False Mermaid by Erin Hart.
We first met Nora Gavin, an American pathologist, in Haunted Ground (2003) when, while lecturing at Dublin's Trinity College, she was asked to investigate a body found in a bog.
Three years later, she decides to return to the United States to investigate something much more personal: the murder of her younger sister Triona. When Triona's murder went unsolved, Nora fled to her homeland to try to escape the fact that she was certain of the identity of her sister's killer but was unable to prove it. She returns to Minneapolis to learn that Triona's widower Peter Hallett is remarrying the sister of his best friend, whom he's known most of his life. Nora is convinced that Peter is an abuser who killed his wife, and is very worried about her niece Elizabeth, now 11.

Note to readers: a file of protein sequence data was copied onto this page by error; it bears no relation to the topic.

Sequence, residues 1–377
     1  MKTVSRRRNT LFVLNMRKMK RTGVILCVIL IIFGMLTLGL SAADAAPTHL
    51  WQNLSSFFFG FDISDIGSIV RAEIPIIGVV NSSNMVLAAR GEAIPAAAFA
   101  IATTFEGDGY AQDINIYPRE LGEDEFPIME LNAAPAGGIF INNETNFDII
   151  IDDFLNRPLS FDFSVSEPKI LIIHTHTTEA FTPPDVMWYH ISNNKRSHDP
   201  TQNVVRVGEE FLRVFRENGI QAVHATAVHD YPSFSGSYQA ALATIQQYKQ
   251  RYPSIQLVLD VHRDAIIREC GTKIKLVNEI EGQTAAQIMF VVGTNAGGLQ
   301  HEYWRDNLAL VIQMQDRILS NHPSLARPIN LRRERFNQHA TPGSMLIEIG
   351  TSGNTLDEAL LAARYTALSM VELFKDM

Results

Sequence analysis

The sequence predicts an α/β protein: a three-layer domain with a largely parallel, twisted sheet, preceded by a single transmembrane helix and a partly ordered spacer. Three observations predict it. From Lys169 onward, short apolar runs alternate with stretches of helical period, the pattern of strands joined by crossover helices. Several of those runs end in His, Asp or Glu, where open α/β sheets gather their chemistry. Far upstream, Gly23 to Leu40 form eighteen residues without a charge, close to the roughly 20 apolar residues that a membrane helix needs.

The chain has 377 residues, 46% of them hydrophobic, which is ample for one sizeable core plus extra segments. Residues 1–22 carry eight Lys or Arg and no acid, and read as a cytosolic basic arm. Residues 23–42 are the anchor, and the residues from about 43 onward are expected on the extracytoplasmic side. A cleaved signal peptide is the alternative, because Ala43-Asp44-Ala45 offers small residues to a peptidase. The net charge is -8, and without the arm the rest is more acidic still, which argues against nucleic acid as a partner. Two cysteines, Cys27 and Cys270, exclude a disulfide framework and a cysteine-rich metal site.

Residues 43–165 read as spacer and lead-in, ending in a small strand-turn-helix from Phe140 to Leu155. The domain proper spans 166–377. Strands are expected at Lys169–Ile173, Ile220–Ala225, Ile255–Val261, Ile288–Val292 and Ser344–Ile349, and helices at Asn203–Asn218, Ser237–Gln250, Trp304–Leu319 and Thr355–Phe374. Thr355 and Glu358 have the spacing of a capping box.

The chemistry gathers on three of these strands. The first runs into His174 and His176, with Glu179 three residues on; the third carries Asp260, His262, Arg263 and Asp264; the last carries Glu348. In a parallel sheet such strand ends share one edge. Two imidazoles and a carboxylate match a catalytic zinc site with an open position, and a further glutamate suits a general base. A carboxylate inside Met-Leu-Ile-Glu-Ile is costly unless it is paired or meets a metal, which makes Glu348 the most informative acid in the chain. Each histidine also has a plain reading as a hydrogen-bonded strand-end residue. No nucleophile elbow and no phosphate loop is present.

She reconnects with Frank Cordova, the Minneapolis detective who investigated Triona's case, and who also believed that Peter was the killer, and together they set out to prove Hallett's guilt.
Back in Ireland, Nora's friend and lover Cormac Maguire has his own mystery to deal with. Called to his father's side because of a stroke, he meets a former colleague (now his father's tenant) who is researching selkie mythology. She is convinced that the old folk-tune An Mhaighdean Mhara is based on an actual abused woman named Mary Heaney who was killed by her husband.
Erin Hart's prose is a joy to read, though it's difficult to read slowly enough to appreciate, simply because the parallel mysteries are so compelling. The selkie myth is a favorite, and Hart's treatment of it is not beyond belief.
Readers who have not read Hart's previous Gavin-Maguire books would probably benefit from doing so before reading this one, in order to better understand the characters.